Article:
A former mayor of the city of Montevideo, and a Senator, head of the opposition are the most serious candidates to be elected the next Uruguayan president according to the results of the political parties' primaries held this Sunday. General elections in Uruguay are scheduled for the end of October, and a month later a runoff in case no candidate manages a 50% majority of votes cast.
The last Sunday of June Uruguay will be holding presidential primaries when political parties will be choosing their candidates for the coming election scheduled for next October. There are over a dozen hopefuls, but only three, maybe four or five can be considered sufficiently strong as to be taken into account. After all from one of these parties will come the next president of Uruguay, since there is no consecutive reelection in Uruguay.
Uruguayan Broad Front (FA) Senator Daniela Payssé passed away Friday of a heart attack in Montevideo, Tourism Minister Liliam Kechichian announced. Payssé was 72.
The plenary of the leftist coalition Broad Front concluded on Sunday with a motion that postergates de decision over the Free Trade Agreement (FTA) with Chile, defining to leave the decision on whether or not to support the agreement, delaying the debate to a future plenary whose date is not yet defined. The decision was voted after counting an erroneous sum of the votes in the first instance in which the motion to debate the issue in the plenary had won. However, the votes of the Communist Party of Uruguay (PCU) had been put on the wrong side.
While Chilean President Sebastián Piñera started a commercial tour in Brazil last Thursday, in which he avoids Uruguay because the Free Trade Agreement (FTA) with Chile is blocked in the Uruguayan Parliament since 2016, ex-president José Mujica explained that he supports the FTA with Chile in order to look for “the best incentives to ensure commercial stability.” The bench of former president Mujica and the communist party refuse to approve the commercial agreement.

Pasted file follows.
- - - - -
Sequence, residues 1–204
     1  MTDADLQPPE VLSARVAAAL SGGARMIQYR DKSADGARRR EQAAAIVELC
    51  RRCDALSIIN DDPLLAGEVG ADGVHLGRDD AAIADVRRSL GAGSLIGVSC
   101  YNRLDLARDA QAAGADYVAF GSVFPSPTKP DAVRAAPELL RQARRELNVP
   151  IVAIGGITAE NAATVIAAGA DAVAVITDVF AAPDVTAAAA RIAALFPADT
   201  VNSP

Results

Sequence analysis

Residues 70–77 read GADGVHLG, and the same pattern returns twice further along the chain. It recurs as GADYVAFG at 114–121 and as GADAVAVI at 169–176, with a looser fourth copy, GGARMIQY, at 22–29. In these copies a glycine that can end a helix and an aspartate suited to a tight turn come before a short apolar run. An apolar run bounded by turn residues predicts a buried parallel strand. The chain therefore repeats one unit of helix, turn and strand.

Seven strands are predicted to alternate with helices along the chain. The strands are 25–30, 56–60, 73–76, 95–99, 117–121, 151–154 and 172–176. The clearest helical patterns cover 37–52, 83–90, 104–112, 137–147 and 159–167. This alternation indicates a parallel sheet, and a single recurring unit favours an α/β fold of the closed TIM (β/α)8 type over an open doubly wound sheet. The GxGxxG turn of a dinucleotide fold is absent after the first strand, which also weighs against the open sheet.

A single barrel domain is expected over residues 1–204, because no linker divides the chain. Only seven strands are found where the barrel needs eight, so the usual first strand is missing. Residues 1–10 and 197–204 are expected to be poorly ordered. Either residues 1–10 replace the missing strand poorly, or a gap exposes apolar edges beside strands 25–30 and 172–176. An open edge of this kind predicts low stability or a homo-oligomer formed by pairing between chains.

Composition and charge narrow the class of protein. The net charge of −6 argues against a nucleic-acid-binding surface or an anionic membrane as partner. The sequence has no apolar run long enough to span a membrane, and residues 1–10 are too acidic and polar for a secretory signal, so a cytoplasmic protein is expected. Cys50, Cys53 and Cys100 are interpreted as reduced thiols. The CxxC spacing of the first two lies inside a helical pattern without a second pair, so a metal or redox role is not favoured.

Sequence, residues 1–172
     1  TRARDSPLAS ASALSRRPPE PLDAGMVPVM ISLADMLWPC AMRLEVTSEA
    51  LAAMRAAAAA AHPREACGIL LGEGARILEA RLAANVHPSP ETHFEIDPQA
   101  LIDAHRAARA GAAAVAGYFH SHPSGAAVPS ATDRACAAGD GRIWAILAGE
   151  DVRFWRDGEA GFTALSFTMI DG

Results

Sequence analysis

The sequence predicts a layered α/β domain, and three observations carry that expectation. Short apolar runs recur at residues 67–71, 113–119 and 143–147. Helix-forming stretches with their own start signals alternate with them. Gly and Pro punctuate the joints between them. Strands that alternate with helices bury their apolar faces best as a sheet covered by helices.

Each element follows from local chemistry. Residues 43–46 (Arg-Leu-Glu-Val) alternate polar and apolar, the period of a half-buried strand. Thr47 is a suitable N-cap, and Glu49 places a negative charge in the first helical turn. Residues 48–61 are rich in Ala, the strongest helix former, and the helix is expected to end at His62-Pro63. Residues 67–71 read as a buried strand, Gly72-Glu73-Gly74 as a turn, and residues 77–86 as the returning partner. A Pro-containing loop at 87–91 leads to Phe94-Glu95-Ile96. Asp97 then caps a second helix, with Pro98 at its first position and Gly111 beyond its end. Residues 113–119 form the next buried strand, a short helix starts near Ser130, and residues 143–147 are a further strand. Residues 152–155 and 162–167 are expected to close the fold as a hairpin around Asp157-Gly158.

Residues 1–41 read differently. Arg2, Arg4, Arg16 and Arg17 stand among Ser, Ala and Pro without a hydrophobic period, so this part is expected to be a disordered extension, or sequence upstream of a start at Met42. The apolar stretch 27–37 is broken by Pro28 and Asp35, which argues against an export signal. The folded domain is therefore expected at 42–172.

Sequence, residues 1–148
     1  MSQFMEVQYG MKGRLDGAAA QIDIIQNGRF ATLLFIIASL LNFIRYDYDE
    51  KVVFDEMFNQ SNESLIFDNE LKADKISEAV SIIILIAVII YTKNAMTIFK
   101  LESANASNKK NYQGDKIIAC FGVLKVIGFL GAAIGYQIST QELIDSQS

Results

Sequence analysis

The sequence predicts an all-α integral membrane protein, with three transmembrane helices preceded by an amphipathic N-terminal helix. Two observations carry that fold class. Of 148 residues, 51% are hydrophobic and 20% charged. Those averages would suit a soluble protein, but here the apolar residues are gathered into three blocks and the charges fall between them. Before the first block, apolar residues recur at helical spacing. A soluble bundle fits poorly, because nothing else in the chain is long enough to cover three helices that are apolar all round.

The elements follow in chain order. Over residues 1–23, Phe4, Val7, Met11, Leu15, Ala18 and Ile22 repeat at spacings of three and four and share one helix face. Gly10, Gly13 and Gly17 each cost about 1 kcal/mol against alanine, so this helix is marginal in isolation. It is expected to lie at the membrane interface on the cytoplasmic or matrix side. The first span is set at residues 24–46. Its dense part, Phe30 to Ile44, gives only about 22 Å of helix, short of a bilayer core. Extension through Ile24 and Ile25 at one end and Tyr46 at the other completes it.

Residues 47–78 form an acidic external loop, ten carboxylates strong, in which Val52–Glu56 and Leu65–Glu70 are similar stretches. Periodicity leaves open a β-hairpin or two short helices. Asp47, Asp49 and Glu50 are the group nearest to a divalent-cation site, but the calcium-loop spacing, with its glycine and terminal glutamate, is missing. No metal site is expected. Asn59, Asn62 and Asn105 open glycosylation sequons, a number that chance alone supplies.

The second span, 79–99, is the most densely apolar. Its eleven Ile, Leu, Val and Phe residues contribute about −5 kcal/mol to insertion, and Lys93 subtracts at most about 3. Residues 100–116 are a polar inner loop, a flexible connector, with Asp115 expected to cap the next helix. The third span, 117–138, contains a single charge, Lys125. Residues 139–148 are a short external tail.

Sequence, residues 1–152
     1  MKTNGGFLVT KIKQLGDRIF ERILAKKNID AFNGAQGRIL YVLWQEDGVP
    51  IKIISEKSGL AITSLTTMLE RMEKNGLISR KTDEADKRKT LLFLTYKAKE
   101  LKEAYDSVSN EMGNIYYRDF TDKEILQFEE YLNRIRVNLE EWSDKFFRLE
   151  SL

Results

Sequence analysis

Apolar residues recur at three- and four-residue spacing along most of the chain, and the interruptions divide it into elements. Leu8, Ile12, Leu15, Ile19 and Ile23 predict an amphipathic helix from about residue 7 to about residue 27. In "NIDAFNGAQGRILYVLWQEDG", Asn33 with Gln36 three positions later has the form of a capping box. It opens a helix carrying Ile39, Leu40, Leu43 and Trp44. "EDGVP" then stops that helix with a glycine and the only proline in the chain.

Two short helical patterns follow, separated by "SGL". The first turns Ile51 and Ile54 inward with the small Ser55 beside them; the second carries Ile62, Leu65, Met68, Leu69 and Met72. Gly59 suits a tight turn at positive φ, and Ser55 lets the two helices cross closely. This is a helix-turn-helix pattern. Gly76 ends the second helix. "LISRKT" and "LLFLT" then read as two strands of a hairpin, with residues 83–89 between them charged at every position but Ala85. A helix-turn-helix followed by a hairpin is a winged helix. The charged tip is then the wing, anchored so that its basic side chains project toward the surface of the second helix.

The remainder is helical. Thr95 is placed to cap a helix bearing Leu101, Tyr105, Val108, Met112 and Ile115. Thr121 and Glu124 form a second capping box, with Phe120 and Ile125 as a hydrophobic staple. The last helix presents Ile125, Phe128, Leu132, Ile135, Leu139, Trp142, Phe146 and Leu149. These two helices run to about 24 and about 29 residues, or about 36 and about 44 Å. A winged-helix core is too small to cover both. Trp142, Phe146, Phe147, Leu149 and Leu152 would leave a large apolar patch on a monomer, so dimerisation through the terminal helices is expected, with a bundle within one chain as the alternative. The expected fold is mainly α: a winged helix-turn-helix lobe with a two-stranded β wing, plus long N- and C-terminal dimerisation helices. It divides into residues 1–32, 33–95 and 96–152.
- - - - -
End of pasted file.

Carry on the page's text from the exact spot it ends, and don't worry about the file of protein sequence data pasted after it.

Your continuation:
A controversy over land taxes inside the Uruguayan government exposed claims from President Jose Mujica that “meetings are taking place to debilitate his administration and even possibly remove him”
A closely divided Senate has passed legislation to overturn an amnesty for human rights crimes committed by the military and security forces during Uruguay's 1973-85 dictatorship, overruling voters who in two referendums upheld the law in 1989 and 2009. The decision triggered strong controversy in the Uruguayan political system.
Brazilian former president Lula da Silva underlined the significance of Latin America’s left and its responsibility as a model for developed countries in crisis, during a political rally in Montevideo to celebrate the fortieth anniversary of the Uruguayan ruling coalition, Broad Front.
Uruguay’s ruling coalition is celebrating its fortieth anniversary with a massive political rally in downtown Montevideo where the main speaker will be the former Brazilian president Lula da Silva.